Three right and wrong ways to ask for help with your job search
Some of our recent blogs have suggested asking people for help with job hunting.
Don’t be daunted – this can be easier than it sounds – as long as you ask for the right sort of help.
It’s not about asking people to do stuff for you that you should be doing yourself.
Getting help looking for a job
If you’re looking for a job, a very good way to find work is to ask for help from everyone you know.
Wrong way: “Can you help me get a job?” – That’s definitely awkward.
Right way: “Do you know of anyone who’s looking for staff in this area?”
This means the heat is off the person you’re asking, but they can bear you in mind if they learn of someone who is looking for staff.
Getting help with dressing for an interview
When you go for an interview, it can be a good idea to get someone to check your outfit. Someone who likes clothes, and has a good sense of style. Maybe someone who likes shopping.
Wrong way: “Does this make my bum look big?”
Right way: “Does this make me look like a desirable employee? Do I look like I’d fit in where I’m being interviewed?”
Employers are usually put off by clothes that are too trendy, too revealing, too old fashioned. Anything dirty, with buttons missing or unshiny shoes is screaming “I don’t care”. Remember Dress for Success can help too. (More on Dress for Success in a future blog post.)
Getting help with improving your interview technique
If you miss out on a job, seize the opportunity to ask for help. This isn’t easy. In fact it’s hard. And harder because you’ve just been knocked back. But if you grit your teeth and do it, you get the chance to get some specific feedback from the very sort of people you want to impress. (Although well-meaning friends and family can help you practice for interviews, unless they are in the same field as you’re aiming for, they are to some extent working in the dark.)
If you can bear to hear why you weren’t successful – you can learn what you need to improve. Plus, depending on the interviewer, you may also get some positive feedback on what you did well.
Wrong way: “You meanies, why didn’t you pick me?!”
Right way: “I’m sorry to hear I missed out on this opportunity. Would you be willing to give me some feedback on why I was unsuccessful? Where did the successful candidate have the winning edge?”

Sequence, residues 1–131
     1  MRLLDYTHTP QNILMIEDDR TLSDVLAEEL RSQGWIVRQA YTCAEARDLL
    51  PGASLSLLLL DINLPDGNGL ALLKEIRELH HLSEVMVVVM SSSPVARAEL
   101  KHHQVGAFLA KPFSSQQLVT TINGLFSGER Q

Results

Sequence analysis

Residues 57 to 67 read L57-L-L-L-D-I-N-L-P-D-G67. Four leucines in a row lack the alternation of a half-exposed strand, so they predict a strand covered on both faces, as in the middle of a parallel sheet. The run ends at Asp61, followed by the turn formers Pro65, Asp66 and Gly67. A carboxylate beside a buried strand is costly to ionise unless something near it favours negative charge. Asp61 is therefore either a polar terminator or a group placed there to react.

Usually it just comes down to the successful applicant having better qualifications or experience.
But sometimes it is something about you and the way you present yourself in an interview that’s putting people off. I can assure you that this will definitely not be any fun to hear at all. However, in the book What Colour is Your Parachute, the author says that if someone has the courage to give you this honest feedback, you should thank them from the bottom of your heart.
If you do get hit by this unpleasant truth stick, pat yourself on the back for being brave. Use it as motivation to change.
And “not coming across well” may be more subtle than you imagine. In a competitive job market it’s vital that you sell yourself to potential employers. New Zealanders, who typically rate being called a skite the worst insult you can call someone, may find this very difficult – but a job interview is no place to be modest. You cannot afford to assume that your achievements will speak for themselves.
You can get help and learn how to improve your interviewing technique. There are places which will coach you. For instance, contact the Career Development Association of New Zealand for a list of members.
Philosophical thoughts about asking for help
Asking for help is a highly underrated skill. Many confident happy successful people find it hard to ask for help. And thus they miss out on much valuable input.
Fear of asking for help is usually based on fear of looking stupid. Or being under an obligation to someone.
But look at it the other way – isn’t it nice to be asked to help someone else? Don’t you feel capable and valuable? If you never ask anyone for help, you are denying them the opportunity to enjoy that feeling.